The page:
Warning

 

Close

Confirm Action

Are you sure you wish to do this?

Confirm Cancel
Member Login

Posted: 10/8/2007 8:39:21 PM EST
The Republican debates will be shown tomorrow; ushering in the first appearance of Fred Thompson to an actual conversation.

According to the Times article


Many have been wondering how Mr. Thompson, a former senator from Tennessee, will do. By his own admission he is “a bit rusty” when it comes to debating, and he has said he hopes he will be able to “hang in there” with the other candidates, including Rudolph W. Giuliani, the sharp-tongued former New York mayor, and Mitt Romney, the former governor of Massachusetts, who is known for his polished delivery.



This is tantamount to admitting having nothing of real value to say. Good ideas don't need polish or flash to win debates. By now the American public is thoroughly acclimated to generous servings of fluffy rhetoric without any real meat. It would be refreshing to find good, plain-spoken ideas brought to the fore - items like Constitutional government, decreased federal spending, anti-federalization measures to re-empower the states, the end of interventionist foreign policy, the return of national sovereignty through border enforcement. I am not hopeful.

Nor should anyone confuse the spectacle as a debate. Of both political parties, only Dennis Kucinich and Ron Paul represent any sort of meaningful deviation from the course the nation follows. The party loyalists might pretend that a vote for Hillary is a vote for change, or that a vote for Thompson will breathe life into the Republican party - in reality neither is a vote for anything but the way things are. Paul and Kucinich each bring a new dish to the table (in Paul's case, a dish so old and forgotten as to be new again). But the networks, the party wonks and the voters have all wrinkled their noses at new ideas. Practically everyone with two brain cells to bounce off each other knows, unequivocally, that our current situation is not sustainable. But the hacks will feast on rotten meat before taking the first nibble of something new.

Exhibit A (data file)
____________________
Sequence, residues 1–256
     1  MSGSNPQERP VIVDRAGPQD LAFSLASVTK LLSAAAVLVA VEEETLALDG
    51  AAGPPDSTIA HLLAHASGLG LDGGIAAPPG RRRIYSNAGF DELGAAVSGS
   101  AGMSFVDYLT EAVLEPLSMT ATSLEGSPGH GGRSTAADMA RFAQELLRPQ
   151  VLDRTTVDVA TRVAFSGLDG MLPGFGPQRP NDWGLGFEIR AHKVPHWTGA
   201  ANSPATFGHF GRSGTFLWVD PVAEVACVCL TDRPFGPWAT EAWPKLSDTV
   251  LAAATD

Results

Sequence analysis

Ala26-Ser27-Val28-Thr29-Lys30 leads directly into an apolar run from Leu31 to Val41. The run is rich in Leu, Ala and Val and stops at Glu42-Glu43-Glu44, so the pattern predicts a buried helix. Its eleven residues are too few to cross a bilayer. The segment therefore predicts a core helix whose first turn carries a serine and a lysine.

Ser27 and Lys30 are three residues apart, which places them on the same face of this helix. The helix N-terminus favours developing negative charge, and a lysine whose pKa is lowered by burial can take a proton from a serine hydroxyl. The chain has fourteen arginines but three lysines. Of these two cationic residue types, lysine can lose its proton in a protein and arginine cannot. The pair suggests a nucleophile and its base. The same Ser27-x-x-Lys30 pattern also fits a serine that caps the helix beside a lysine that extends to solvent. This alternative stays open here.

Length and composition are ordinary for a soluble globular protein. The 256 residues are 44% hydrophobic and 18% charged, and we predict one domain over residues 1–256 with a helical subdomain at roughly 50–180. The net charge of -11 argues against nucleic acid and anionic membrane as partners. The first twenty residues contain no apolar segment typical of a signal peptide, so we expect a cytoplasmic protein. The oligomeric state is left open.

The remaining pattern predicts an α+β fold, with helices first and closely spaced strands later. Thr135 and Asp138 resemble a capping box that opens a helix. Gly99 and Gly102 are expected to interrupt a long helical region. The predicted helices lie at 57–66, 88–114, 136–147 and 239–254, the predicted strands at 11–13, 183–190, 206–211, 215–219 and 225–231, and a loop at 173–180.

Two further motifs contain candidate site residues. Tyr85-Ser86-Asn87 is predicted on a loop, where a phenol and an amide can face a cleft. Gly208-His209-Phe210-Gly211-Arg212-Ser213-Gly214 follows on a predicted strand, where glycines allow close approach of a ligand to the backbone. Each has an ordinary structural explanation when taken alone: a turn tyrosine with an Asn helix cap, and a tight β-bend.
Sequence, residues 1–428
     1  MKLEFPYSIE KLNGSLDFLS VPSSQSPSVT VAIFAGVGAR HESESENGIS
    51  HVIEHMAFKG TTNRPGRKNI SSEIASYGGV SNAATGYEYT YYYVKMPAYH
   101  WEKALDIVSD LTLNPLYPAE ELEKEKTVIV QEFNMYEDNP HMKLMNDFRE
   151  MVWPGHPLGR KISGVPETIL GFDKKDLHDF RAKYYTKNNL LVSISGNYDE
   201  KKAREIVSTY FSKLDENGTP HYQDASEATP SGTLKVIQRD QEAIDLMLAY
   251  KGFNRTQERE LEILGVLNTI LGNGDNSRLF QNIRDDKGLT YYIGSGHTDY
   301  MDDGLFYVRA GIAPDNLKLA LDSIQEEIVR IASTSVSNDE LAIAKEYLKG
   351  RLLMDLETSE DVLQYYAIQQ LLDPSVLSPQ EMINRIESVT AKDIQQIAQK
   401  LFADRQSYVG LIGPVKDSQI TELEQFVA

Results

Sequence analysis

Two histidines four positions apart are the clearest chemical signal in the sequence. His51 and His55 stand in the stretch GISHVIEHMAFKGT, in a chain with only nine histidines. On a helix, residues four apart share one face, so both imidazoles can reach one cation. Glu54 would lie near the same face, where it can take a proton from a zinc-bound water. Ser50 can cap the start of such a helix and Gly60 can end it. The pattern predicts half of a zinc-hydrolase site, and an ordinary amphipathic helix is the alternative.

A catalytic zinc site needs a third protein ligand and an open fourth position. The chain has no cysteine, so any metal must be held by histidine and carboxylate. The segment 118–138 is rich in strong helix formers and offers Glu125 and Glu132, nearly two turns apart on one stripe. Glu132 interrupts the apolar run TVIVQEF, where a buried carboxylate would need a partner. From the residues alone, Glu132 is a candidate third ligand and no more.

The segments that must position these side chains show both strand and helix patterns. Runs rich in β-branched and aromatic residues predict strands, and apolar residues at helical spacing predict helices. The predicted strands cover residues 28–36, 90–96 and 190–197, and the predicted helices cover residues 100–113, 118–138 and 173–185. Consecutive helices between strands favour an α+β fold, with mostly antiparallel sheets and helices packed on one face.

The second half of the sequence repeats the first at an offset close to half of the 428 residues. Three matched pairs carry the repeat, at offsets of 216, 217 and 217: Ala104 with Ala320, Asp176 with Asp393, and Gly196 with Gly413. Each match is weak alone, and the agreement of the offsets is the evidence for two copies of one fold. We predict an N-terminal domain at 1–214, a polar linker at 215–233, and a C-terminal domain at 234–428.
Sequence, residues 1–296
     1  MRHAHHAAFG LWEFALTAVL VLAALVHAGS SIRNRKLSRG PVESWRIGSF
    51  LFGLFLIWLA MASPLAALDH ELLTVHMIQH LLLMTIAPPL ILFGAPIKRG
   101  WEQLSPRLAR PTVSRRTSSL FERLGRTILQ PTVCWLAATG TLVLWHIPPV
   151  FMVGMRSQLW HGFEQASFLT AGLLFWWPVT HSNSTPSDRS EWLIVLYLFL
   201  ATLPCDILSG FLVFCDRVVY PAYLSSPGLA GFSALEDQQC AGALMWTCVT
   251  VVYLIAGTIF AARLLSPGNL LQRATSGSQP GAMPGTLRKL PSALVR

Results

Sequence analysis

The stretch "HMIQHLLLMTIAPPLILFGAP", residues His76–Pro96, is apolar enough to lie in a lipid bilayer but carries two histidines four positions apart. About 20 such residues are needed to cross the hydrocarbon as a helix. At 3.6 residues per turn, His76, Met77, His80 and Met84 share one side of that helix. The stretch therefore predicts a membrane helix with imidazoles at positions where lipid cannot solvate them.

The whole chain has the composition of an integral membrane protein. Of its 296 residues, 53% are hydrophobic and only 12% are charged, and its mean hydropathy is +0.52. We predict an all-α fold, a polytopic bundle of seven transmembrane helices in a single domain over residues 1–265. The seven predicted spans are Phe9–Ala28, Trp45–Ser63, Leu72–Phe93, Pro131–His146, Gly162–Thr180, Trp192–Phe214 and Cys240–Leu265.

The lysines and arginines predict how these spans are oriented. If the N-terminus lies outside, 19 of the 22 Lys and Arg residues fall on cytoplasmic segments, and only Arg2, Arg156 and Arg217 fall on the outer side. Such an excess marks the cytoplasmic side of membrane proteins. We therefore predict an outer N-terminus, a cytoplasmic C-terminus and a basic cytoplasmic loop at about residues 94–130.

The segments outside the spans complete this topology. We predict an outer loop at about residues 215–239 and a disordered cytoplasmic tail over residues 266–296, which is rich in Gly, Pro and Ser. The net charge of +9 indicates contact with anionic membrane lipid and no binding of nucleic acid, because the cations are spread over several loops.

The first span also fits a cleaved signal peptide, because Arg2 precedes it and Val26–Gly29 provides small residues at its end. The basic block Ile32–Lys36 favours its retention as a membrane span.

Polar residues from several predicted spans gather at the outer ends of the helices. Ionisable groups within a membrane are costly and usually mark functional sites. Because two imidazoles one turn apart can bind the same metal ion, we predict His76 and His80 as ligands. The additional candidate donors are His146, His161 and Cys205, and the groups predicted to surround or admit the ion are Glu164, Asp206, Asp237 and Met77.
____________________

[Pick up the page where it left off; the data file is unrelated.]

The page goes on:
But new is certainly what we need. The old is kaput - spending us into inflation while ransacking our liberties and our way of life. What I will do is propose new questions. Questions that no candidate will ever hear and no network moderator will ever ask. I think they are important. but only time will tell.

New question 1) It seems we are engaged in endless war without clear goals or even a coherent strategy. What will be considered victory in the "War on Terror" and how do you plan on achieving this?

New question 2) How many new air fighters and navy vessels do you intend to purchase with credit we receive at the mercy of the Chinese? How much are you willing to sacrifice the power of the dollar and the value of Americans' savings to maintain military budgets?

New question 3) How will you prepare the nation for an inevitable, and perhaps long-term oil shortage crisis?

New question 4) We are a question that consumes more than we produce and spends more than we make. Is this sustainable - yes or no? If no, how do you propose we fix the problem?

New question 5) (For republicans) - You have long said you support small government; what federal programs would you cut, what programs would you eliminate? (For democrats) - what programs are you prepared to reduce funding on to fund your own intiatives?

New question 6) There are no projections for Medicare/Medicaid or Social Security that show long-term solvency. What programs are you prepared to cut to fund these.

Anyone who cannot answer these questions (other than 3) in less than 30 seconds does not deserve the stage, and certainly not the presidency.
Top Top